This week we’ll be quickly talking about how to use delays in MainStage. Delays create an “echo” type effect that repeats your original sound. There are several really cool delay plugins in MainStage (my personal favorite is Delay Designer), but for simplicity’s sake we’re going to look at Pedalboard’s Delay plugin. Here’s how to use it:
Mainstage makes it a bit confusing to save presets for future use. Here’s how manage my presets so I can find what I need quickly:
One of the biggest problem with a program as powerful and flexible as Mainstage is balancing your levels to make them even from patch to patch. As a professional Mainstage patch designer, it's still one of my most difficult tasks. Here are 7 tips for making sure your levels match up:
1. Play at least 7 notes at the same time as loud as you can. Make sure that they peak at no louder than 0 db, since this will keep you from clipping.
2. Change the velocity curve. Each instrument does this differently, but making your velocity curve more "flat" will help keep you from sudden spikes.
3. Use an EQ to get rid of troublesome frequencies. Always reduce, don't ever boost.
4. Turn down, not up. Make sure you don't boost your faders too high- it's fine to keep things quiet.
5. If you have to, use a compressor. This is my last resort, since most leveling compressors will degrade your overall dynamics live.
6. Review your levels before you play live. Sometimes things will sound different onstage, and last minute tweaks make a big difference.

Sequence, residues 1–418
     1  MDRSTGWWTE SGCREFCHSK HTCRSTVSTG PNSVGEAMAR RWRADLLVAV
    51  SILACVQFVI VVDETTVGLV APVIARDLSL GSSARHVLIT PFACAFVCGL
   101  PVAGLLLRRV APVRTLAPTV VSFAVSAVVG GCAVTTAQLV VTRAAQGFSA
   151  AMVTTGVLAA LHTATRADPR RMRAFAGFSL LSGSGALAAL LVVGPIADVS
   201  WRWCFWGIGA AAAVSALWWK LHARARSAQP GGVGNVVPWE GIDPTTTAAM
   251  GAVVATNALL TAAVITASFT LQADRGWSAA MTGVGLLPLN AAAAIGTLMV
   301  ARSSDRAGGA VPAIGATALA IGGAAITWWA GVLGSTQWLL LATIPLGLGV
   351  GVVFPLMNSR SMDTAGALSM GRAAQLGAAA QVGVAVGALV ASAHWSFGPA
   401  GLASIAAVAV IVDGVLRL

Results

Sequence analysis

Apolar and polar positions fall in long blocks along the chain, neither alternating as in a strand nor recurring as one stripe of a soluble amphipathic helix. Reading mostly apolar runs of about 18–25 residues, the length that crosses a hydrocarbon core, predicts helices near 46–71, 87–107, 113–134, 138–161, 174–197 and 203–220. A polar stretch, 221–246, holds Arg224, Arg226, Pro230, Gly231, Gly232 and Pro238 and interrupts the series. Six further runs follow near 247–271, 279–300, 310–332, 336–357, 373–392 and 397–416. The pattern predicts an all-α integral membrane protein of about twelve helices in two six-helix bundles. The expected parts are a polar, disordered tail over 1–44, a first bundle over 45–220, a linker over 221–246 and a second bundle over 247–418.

7. Be conscious of whether you're running mono or stereo. Each will have different effects on your levels, especially on patches with a wide stereo field.
Mainstage users have a unique set of needs when it comes to an audio interface, and I’ve bought and used a wide variety of interfaces in my quest to find one that does what I need. After about 10 years of experimentation and over 9 audio interfaces, I’ve selected my favorites:
This week I help a MainStage keyboard player send a click track to his own monitor, but not the FOH mixer.
Organ has always been a vital part of the modern praise music movement- here’s how to get that famous sound with MainStage 3:
So many modern worship songs are now using trance–based synth patches, and Mainstage 3 has some of the best synthesizers plug-ins on the market to get that sound in your rig. Here's how:
1. Open Mainstage. click the "+" button to add a new software instrument.
2. In the instrument view, select ES2 synthesizer as your software synthesizer plugin in your channel strip.
3. open the ES2 window, and find a sound that you like.
4. Select the ES2 channel strip, copy, then paste it into the channel strip window.
5. In the oscillator section of the duplicated ES2 channel strip, switch all of the oscillator waveforms to white noise. Adjust the filter cutoff so the sound isn't quite as bright.
6. Play both channel strips with your keyboard. Blend the white noise channel strip in until it sounds beefy, but not overpowering.
Violà! Instant trance lead. This patch will work great for the lead sound on "This is Amazing Grace", "God's Great Dance Floor", and many others.
Have questions? Leave a comment below.
As more and more bands begin to use loops live, being able to run a click track to all band members directly from Mainstage can save a lot of time. Also, when you use a metronome it makes it easier to sync delays and trigger timed audio files when needed. Here’s how to do it:
One of the most frequent questions I get about Mainstage 3 is how to map your physical midi control knobs, sliders, and buttons to Mainstage 3’s new Smart Controls. Here’s how to do it quickly: